Rheumatoid factor-negative polyarthritis is a term used to describe a group of poorly defined heterogenous conditions that incorporates forms of rheumatoid factor-negative polyarthritis and forms of oligoarticular arthritis that become extensive in less than 6 months after onset. Rheumatoid factor-negative polyarthritis represents around 15-20% of cases of juvenile idiopathic arthritis (JIA). Prevalence has been estimated at between 1 and 13 in 22,200 children, with an annual incidence of 1-26 in 700,000 children. Females are affected more often than males. The joint manifestations are bilateral, nearly symmetrical and affect both the large and small joints. Biological signs of inflammatory disease are frequent. Rheumatoid factor tests are always negative but antinuclear antibodies may be present. The aetiology is difficult to determine as a result of the heterogeneity. The diagnostic criteria for the disease were established in 2001 at the last international meeting in Edmonton. Rheumatoid factor-negative polyarthritis is defined as the presence of arthritis affecting five or more joints at disease onset. Exclusion criteria are the presence of systemic arthritis or psoriasis in the patient, or a family history of psoriasis in one of the parents or a first-degree relative, HLA B27-positivity in males with onset of arthritis after 6 years of age, and detection of rheumatoid factor IgM in two test samples taken three months apart. Other exclusion criteria include: the presence of ankylosing spondylarthritis, enthesitis and arthritis, sacroiliitis with an inflammatory enteropathy or acute anterior uveitis in the patient, or a family history of one of these conditions in a parent or first-degree relative. The differential diagnosis should include other forms of polyarthritis (associated with inflammatory or haemato-oncologic diseases). Patients should be managed in a multidisciplinary manner, incorporating expertise in paediatric rheumatology, physiotherapy, psychologyand infantile orthopaedic care. Treatment is based on the association nonsteroidal anti-inflammatory agents (NSAIDS), disease-modifying antirheumatic drugs (methotrexate as a first-line treatment and tumour necrosis factor (TNF)-alpha as a second-line treatment) and rehabilitation. Corticotherapy is used at low doses and as rarely as possible. Intraarticular injection of delayed-action corticoids (triamcinolone hexacetonide) may be recommended in case of persistent arthritis. The prognosis is difficult to determine due to the heterogeneity of the condition but it appears the percentage of remission is low.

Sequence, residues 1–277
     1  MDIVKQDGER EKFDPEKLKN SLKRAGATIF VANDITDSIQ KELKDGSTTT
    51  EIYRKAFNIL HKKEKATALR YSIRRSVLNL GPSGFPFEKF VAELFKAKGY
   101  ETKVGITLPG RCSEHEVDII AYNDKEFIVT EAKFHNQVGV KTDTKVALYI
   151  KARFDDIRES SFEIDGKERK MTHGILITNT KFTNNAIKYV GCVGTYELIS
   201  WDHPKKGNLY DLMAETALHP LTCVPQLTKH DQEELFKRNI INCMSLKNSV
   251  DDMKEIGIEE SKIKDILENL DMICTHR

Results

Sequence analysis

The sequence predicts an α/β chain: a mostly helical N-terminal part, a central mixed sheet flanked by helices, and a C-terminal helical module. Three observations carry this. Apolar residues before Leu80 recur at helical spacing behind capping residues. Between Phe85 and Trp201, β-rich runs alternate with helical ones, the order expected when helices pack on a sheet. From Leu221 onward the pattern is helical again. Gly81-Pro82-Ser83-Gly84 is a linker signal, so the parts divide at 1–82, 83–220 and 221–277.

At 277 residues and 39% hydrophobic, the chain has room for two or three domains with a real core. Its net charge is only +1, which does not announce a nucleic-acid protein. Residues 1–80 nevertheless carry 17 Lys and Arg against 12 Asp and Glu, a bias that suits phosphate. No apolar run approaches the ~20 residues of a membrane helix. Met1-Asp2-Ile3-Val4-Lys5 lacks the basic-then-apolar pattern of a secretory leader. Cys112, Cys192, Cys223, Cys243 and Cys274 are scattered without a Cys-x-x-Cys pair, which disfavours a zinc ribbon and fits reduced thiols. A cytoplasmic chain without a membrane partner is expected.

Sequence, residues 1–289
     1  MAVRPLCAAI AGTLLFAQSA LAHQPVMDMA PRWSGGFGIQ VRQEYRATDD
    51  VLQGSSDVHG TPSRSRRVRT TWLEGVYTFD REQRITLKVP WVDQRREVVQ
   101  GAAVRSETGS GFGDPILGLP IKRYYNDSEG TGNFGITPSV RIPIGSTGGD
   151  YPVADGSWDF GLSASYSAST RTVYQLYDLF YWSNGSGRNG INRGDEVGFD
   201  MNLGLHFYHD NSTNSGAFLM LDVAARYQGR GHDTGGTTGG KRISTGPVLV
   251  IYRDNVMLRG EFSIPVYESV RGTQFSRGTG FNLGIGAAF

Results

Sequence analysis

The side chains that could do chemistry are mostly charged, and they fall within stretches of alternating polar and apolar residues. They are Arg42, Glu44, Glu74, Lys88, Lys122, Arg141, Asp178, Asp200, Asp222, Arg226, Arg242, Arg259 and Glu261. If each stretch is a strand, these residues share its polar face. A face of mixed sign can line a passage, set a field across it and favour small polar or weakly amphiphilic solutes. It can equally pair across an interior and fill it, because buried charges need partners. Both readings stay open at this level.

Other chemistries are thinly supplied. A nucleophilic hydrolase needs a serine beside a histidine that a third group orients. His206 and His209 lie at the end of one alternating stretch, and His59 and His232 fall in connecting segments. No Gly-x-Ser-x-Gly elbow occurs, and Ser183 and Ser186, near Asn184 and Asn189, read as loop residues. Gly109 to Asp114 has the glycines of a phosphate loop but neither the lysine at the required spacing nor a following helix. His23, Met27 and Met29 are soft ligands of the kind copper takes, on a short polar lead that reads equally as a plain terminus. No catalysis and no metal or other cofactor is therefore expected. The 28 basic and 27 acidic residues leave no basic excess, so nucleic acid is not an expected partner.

Last update: January 2007